As you play “Guess the number”, you might notice that a good strategy is to maintain an interval that consists of the highest guess that is “Lower” than the secret number and the lowest guess that is “Higher” than the secret number. A good choice for the next guess is the number that is the average of these two numbers. The answer for this new guess then allows you to figure a new interval that contains the secret number and that is half as large. For example, if the secret number is in the range [0, 100), it is a good idea to guess 50. If the answer is “Higher”, the secret number must be in the range [51, 100). It is then a good idea to guess 75 and so on. This technique of successively narrowing the range corresponds to a well-known computer algorithm known as binary search.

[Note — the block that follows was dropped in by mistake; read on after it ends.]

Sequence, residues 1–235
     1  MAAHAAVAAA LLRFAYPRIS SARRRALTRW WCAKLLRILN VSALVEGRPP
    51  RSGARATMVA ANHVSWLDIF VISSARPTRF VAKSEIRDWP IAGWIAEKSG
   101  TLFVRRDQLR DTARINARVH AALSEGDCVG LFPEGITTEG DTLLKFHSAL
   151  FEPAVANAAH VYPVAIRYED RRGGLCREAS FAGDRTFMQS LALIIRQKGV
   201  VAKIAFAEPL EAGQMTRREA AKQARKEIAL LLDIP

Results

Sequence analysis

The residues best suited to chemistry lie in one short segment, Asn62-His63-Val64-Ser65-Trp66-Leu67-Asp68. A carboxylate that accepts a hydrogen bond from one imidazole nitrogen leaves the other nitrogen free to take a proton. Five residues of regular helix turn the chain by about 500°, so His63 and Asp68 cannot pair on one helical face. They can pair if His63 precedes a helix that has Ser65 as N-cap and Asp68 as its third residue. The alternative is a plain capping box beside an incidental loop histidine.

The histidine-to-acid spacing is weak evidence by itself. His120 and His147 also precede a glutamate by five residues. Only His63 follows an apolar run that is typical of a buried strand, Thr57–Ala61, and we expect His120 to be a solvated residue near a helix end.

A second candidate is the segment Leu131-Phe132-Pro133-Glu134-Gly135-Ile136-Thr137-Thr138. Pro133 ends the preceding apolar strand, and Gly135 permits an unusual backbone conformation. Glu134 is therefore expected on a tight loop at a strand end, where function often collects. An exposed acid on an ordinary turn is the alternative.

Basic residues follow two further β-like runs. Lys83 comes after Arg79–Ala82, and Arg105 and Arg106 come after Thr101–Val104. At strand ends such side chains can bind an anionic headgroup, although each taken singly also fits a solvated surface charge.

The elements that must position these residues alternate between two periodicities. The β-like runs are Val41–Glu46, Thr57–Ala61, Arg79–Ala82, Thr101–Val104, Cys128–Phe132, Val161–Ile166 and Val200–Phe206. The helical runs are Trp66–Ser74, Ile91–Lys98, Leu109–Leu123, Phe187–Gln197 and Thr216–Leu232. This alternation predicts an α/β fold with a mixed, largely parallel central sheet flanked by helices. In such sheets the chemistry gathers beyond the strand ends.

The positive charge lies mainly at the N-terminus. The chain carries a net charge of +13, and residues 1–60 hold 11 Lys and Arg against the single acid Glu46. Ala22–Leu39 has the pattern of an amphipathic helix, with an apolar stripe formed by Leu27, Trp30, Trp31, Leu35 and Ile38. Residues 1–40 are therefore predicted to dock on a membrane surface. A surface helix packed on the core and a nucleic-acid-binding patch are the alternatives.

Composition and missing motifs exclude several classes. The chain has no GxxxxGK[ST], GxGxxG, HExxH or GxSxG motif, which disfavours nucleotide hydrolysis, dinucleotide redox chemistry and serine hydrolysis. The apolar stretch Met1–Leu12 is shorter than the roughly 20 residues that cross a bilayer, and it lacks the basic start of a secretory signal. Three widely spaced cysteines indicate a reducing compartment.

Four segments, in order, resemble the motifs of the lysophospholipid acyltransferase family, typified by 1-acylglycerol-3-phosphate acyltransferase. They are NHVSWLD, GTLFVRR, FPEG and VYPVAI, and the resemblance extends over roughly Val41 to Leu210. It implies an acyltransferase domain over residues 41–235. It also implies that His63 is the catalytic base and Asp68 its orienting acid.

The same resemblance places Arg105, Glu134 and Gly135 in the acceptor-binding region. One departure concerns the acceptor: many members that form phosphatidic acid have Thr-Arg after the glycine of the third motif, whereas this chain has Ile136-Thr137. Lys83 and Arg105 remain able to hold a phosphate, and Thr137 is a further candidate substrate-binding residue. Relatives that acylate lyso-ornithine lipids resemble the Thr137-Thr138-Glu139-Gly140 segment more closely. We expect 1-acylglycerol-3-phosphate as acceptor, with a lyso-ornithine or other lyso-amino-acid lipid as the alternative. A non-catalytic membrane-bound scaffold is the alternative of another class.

1. Your final addition to “Guess the number” will be to restrict the player to a limited number of guesses. After each guess, your program should include in its output the number of remaining guesses. Once the player has used up those guesses, they lose, the game prints out an appropriate message, and a new game immediately starts.

Since the strategy above for playing “Guess the number” approximately halves the range of possible secret numbers after each guess, any secret number in the range [low, high) can always be found in at most n guesses where n is the smallest integer such that 2 ** n >= high – low + 1. For the range [0, 100), n is seven. For the range [0, 1000), n is ten. In our implementation, the function new_game() set the number of allowed guess to seven when the range is [0, 100) or to ten when the range is [0, 1000). For more of a challenge, you may compute n from low and high using the functions math.log and math.ceil in the math module.